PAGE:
Chicken Picatta is my signature dish. I got the recipe from Giada De Laurentiis and it’s my go-to dinner. I can whip it up in no time and it’s always delish. Good thing Jay likes it because he’ll be eating it for the rest of his life. haha! I’ve been trying to expand my menu and try new things in the kitchen though — but the tools you have are just as important as the foods you cook.
I reached out to Chef Lisa Schroeder from Mother’s Bistro in Portland, Oregon to get the 411 on what tools home cooks need to have to be successful. Here’s her list:
by Lisa Schroeder
With the right equipment cooking is easier and faster. Cook like a pro with these basic but essential items every home cook should have. Whether you are buying for yourself, or for a bride, you simply can’t go wrong with these classic items. If you see something you see you need for your kitchen then make sure you go to Village Bakery to find the best reviewed product that you need! You don’t want to buy a new stand mixer and find it breaks within 6 months.
1. Kitchen Aid Stand Mixer, preferably the “Professional” (they have all kinds of grades with varying levels of horsepower… this model is the heaviest duty)
2. Set of good knives like Global, Wusthof, Shun (Most important knives: an 8-10 inch chef’s knife, paring knife, and a bread knife. If you still haven’t made up your mind on what knives to go for, it may help you to check out some cutco knives reviews, in the hopes of making the right choice. Also good to have would be something to hang them on (magnetic strip) or woodblock, a steel (to hone the knife) and a stone (to sharpen).
3. A crock of tools including: wire whisk, fish spatula (flexible metal with a wood handle is best), heat-proof rubber spatula, wooden spoons of varying shapes and sizes, a spider (chinese skimmer), an offset spatula (for cake decorating and lifting narrow items), a set of quality tongs, instant-read thermometer, ladel, large metal spoon, perforated large metal spoon, microplane (doubles as a cheese grater for hard cheeses such as parmesan), pastry brush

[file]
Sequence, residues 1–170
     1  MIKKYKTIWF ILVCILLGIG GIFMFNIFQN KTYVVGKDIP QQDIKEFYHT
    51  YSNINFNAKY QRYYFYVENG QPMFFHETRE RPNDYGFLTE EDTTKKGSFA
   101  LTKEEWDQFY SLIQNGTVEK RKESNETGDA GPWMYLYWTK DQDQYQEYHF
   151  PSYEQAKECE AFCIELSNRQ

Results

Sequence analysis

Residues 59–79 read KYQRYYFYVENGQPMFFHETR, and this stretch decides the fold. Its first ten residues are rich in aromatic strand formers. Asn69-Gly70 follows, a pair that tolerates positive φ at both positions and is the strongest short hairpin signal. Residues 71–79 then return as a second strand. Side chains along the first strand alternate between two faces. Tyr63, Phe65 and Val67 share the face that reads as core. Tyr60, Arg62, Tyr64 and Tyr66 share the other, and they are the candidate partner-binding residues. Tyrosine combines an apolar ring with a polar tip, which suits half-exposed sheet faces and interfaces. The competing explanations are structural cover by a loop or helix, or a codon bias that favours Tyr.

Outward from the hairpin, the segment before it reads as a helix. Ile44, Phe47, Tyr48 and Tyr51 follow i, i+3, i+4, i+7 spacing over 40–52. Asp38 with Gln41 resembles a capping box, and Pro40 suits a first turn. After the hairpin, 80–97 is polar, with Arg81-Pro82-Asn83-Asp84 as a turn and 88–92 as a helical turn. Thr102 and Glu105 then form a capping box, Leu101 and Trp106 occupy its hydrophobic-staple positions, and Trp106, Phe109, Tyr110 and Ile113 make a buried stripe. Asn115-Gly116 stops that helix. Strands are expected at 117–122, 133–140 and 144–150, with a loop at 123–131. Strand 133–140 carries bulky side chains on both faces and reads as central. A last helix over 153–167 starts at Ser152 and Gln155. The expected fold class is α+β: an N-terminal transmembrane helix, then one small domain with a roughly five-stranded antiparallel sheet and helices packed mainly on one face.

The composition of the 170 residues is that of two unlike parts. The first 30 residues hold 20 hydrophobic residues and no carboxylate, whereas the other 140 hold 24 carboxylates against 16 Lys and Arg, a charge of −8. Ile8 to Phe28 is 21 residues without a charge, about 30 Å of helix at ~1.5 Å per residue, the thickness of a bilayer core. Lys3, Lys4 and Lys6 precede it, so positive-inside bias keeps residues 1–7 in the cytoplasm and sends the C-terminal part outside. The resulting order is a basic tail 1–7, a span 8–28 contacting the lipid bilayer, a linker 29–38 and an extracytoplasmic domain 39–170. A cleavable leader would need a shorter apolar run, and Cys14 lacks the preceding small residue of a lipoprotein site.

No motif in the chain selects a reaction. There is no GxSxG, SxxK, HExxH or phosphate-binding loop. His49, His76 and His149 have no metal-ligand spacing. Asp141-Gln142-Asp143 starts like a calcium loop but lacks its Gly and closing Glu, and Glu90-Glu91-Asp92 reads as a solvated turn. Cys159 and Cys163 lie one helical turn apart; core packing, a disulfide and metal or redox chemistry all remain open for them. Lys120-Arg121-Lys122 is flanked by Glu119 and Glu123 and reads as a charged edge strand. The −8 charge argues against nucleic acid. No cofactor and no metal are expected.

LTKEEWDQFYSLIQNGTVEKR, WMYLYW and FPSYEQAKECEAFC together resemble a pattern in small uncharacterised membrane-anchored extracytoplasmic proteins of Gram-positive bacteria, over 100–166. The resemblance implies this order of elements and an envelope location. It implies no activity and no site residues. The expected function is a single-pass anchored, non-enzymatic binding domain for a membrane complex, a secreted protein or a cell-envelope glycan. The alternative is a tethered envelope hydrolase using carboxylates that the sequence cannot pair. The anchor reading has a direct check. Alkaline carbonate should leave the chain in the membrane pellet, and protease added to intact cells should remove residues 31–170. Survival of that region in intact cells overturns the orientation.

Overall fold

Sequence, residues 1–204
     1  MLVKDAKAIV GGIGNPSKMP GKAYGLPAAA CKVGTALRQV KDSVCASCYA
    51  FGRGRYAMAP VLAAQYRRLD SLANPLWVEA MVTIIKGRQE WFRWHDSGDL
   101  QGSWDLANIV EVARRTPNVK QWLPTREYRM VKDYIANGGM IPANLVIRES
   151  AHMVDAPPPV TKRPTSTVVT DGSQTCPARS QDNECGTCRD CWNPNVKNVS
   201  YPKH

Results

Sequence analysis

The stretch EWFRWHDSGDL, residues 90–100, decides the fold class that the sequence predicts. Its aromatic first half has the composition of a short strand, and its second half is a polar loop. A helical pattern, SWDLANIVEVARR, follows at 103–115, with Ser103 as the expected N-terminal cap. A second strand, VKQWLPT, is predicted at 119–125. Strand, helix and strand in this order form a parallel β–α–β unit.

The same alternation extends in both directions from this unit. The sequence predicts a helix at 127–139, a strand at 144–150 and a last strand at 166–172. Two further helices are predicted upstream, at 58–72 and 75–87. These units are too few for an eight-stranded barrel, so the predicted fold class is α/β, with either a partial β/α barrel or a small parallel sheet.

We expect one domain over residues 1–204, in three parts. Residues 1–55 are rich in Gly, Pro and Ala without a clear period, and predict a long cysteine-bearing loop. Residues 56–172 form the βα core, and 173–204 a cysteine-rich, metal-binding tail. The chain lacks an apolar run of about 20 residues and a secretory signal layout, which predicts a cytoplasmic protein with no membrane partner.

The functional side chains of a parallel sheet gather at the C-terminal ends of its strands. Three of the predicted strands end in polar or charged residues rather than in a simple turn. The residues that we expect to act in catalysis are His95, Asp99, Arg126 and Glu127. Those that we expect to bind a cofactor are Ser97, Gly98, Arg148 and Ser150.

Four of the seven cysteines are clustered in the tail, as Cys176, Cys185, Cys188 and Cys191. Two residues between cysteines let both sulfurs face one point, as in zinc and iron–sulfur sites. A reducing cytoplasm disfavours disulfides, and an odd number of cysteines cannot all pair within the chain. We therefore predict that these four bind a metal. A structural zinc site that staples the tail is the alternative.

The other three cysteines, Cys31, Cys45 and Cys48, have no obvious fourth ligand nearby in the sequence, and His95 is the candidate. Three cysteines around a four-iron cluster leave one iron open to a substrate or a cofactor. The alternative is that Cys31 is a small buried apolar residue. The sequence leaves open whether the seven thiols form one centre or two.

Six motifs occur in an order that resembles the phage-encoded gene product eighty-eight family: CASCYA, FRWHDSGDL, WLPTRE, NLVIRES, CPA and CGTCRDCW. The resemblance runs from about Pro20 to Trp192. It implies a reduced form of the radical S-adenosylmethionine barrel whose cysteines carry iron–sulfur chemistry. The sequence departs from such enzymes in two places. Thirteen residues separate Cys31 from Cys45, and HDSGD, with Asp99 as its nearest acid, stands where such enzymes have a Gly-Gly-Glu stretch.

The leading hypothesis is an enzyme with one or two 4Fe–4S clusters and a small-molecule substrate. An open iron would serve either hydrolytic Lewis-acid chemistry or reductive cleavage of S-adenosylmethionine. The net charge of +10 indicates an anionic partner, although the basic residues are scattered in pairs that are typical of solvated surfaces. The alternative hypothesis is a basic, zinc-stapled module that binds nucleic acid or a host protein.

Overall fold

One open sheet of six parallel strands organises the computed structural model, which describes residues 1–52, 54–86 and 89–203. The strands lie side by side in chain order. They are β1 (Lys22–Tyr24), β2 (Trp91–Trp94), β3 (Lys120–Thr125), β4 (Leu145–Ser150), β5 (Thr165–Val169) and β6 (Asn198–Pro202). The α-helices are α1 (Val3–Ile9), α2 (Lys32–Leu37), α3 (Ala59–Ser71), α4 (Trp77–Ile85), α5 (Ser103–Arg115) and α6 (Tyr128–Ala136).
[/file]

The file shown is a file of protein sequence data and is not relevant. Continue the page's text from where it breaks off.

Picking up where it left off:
4. A set of good stainless aluminum-core pans (All-Clad is my preference) with the following sizes: 8-10 quart stock pot, 6-8 quart dutch oven, 14″ saute pan (with straight sides so it can double as a dutch oven), 10″ saute pan, 5 quart saucepan, 2 quart saucepot. An 8-inch non-stick pan is great for omelets, but the brand is not important.
5. Good coffee-making equipment, especially a burr coffee grinder, and my preferred coffee-making device: an insulated 32-ounce French Press from Bodum, which makes 4 perfect cups of coffee. I’ve been told that Baratza grinders are also pretty good too!
6. Food Processor. My preference is Cuisinart.
7. Blender. Not the same as a food processor and best for smoothies, milkshakes and pureed soups.
8. Good pepper grinder (“Peugeot” mechanisms work best) and a salt cellar (salt is much easier to use by the pinch rather than a shaker)
9. Set of stainless steel mixing bowls, of varying sizes.
10. A salad spinner.
As passionate about slow-cooked pot roast and homemade ravioli as she about a perfectly seared foie gras, Lisa Schroeder is a mother, grandmother, chef and a restaurateur devoted to providing better-than-authentic renditions of traditional home-cooked favorite dishes at her restaurant, Mother’s Bistro & Bar in Portland, Oregon.
Chef Lisa Schroeder has received rave reviews and has appeared on NBC’s TODAY Show, Food & Wine Magazine, bon appetit, Town & Country, Fine Cooking, More, Restaurant Hospitality, USA TODAY, Eater PDX and more. For more info, please visit www.lisaschroeder.com or www.mothersbistro.com.